The tumor was unresectable due to excessive enlargement and cavernous sinus invasion. Treatment with somatostatin receptor ligands (SRLs; lanreotide and pasireotide) were recommended, as these compounds can potentially reduce tumor size (14,15). As such, SRLs are the first treatment choice for patients with acromegaly (16). Lanreotide has a high affinity for both somatostatin receptor (SSTR) 2 and SSTR5, and a weak affinity for SSTR3(16). Pasireotide is able to bind multiple SSTRs (SSTR1, 3, 5 and 2) and with a greater affinity than lanreotide (16). Initially, the use of lanreotide (90 or 120 mg) was indicated every 4 weeks. In addition to diet and exercise therapy, hypoglycemic agents are the first treatment of choice for those with type 2 diabetes mellitus (17). However, the blood glucose level of the current case was >300 mg/dl on admission, and the patient was therefore treated with insulin according to previous clinical guidelines (17). During follow-up and five months after starting therapy with lanreotide, laboratory data revealed decreased circulating levels of GH with increasing doses of lanreotide (Fig. 3A), and a MRI study demonstrated a reduction in tumor size (Fig. 3B-E). A previous study reported that serum GH levels of >10 ng/ml were not correlated with serum IGF-1 levels (18). This may explain the persistently high levels of IGF-1, despite the decreased levels of GH, observed in the present case (Fig. 3A). During follow-up, no therapeutic response to lanreotide was observed. Therefore, the patient was subsequently treated with pasireotide (40 mg every 4 weeks), in additional to 5 mg bromocriptine per day. Bromocriptine is a dopamine agonist that suppresses GH secretion by binding to the D2 receptor in the pituitary tumor (16). International consensus statement also recommend the use of cabergoline, a dopamine agonist (14). However, the Japanese Health Insurance System does not cover cabergoline, and therefore, bromocriptine was indicated in the present case (19). A previous report demonstrated the beneficial effects of bromocriptine in acromegaly-associated glucose abnormalities (16). Due to the large size of the tumor and the high levels of circulating of IGF-1, no surgical procedures were indicated at the time of the present report. Tumor debulking surgery will be indicated after appropriate tumor shrinkage.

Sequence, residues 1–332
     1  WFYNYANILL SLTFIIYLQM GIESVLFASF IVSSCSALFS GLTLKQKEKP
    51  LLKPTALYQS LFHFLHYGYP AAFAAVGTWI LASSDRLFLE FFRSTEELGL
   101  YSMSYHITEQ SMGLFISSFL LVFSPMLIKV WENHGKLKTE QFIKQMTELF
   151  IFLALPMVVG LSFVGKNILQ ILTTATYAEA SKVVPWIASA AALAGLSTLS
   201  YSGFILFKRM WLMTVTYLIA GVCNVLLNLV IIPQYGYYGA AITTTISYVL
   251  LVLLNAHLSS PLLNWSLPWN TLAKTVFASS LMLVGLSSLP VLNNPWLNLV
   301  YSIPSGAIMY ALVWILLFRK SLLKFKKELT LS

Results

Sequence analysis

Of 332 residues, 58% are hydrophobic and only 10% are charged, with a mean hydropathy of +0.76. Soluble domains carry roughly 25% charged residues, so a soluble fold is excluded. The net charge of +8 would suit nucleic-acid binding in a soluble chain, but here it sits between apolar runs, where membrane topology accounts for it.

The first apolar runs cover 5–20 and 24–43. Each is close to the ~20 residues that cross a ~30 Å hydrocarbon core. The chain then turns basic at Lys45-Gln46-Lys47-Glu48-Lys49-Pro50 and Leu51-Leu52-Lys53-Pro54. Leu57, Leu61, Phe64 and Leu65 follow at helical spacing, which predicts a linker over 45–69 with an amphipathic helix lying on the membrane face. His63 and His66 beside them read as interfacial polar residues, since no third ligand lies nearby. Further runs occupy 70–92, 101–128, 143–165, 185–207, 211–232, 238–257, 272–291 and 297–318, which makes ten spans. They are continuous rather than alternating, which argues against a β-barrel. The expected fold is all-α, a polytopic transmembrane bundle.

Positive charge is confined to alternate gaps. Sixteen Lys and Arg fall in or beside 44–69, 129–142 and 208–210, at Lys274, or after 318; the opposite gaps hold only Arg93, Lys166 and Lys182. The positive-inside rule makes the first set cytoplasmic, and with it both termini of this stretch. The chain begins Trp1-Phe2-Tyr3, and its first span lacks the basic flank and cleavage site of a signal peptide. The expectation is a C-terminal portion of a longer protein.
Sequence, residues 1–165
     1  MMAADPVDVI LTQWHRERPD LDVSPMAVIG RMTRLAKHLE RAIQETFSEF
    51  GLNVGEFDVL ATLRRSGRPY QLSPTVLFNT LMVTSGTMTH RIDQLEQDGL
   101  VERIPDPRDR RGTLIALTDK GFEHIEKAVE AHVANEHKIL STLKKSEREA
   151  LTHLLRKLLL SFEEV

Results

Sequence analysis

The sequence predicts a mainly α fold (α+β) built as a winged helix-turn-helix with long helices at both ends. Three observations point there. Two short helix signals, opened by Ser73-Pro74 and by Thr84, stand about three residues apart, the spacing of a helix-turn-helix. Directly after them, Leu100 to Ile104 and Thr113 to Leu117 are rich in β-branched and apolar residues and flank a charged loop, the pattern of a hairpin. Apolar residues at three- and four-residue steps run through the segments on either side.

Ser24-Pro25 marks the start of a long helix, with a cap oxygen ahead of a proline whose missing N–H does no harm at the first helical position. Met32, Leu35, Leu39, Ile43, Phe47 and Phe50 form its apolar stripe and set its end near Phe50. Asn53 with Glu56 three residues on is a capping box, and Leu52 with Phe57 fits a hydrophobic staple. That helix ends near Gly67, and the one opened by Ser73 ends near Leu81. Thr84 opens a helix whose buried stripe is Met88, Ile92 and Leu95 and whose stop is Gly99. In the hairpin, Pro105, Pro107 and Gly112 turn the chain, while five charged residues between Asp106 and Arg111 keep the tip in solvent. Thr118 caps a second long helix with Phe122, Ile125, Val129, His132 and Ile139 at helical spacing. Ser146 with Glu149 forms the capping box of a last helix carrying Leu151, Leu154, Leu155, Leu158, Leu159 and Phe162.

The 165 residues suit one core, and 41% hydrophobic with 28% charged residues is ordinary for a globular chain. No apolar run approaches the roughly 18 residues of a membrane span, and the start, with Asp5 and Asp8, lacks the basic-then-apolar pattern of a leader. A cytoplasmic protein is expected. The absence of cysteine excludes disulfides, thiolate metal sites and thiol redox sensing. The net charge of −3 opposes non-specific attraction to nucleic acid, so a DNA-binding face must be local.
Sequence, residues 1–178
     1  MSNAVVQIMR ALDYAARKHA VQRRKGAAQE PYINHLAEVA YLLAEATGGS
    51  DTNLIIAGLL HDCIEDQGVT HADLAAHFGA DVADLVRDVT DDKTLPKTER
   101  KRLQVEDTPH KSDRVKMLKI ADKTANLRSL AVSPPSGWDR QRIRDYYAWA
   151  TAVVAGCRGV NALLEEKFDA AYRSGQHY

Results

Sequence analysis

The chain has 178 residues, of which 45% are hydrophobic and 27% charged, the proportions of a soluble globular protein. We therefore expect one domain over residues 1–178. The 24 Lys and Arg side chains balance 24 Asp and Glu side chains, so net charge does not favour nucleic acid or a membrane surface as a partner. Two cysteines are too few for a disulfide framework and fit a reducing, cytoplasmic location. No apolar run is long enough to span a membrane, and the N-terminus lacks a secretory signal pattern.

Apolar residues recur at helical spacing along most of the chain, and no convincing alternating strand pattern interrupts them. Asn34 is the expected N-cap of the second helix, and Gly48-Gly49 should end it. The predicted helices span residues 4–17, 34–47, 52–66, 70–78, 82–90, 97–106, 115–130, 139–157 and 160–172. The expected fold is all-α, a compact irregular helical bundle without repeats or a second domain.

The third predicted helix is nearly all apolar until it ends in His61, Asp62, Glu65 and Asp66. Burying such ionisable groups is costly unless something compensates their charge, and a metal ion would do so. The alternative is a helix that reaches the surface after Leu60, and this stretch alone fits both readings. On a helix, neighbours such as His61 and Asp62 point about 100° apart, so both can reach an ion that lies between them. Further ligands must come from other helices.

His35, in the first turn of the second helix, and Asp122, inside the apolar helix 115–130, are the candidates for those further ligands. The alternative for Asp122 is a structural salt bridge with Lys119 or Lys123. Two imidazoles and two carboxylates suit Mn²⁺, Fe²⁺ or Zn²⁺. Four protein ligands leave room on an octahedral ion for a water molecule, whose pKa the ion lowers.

Acromegaly may reduce the life expectancy of individuals. Metabolic disorders associated with acromegaly accelerate arteriosclerosis and increase the risk of cardiovascular events (20). The first therapeutic option for acromegaly is surgical resection of the pituitary adenoma, although surgery is not feasible in patients with large tumors (6). Patients with unresectable tumors receive treatment with SRLs and GH receptor antagonists (20). However, the lack of an international consensus for the duration of therapy, the high economic burden for the patient and the potential adverse effects associated with the prolonged use of specific SRLs, make the routine indication of these drugs difficult in clinical practice (21). Therefore, the early diagnosis of acromegaly is imperative to successful treatment. However, subtle progressive physical alterations may go unnoticed by patients and attending physicians, leading to delayed or missed diagnoses with detrimental implications for patient care (22). Current clinical guidelines describe the importance of a thorough foot examination for the diagnosis of acromegaly (23); however, available guidelines lack a detailed description of the clinical disease presentations in the presence of comorbidities (such as diabetes mellitus) (23). The present case indicated that, in addition to diabetic foot, acral abnormalities (such as enlarged feet) should also be assessed during the routine examination of patients with untreated diabetes mellitus. The present report is an illustrative case of missed diagnosis of acromegaly that negatively affected medical treatment. Due to a missed diagnosis of acromegaly at the early stages (during routine medical check-ups over numerous years), the patient could not undergo debulking surgery of the pituitary tumor. Therefore, this case also underscores the critical importance of early diagnosis for the management of patients with acromegaly.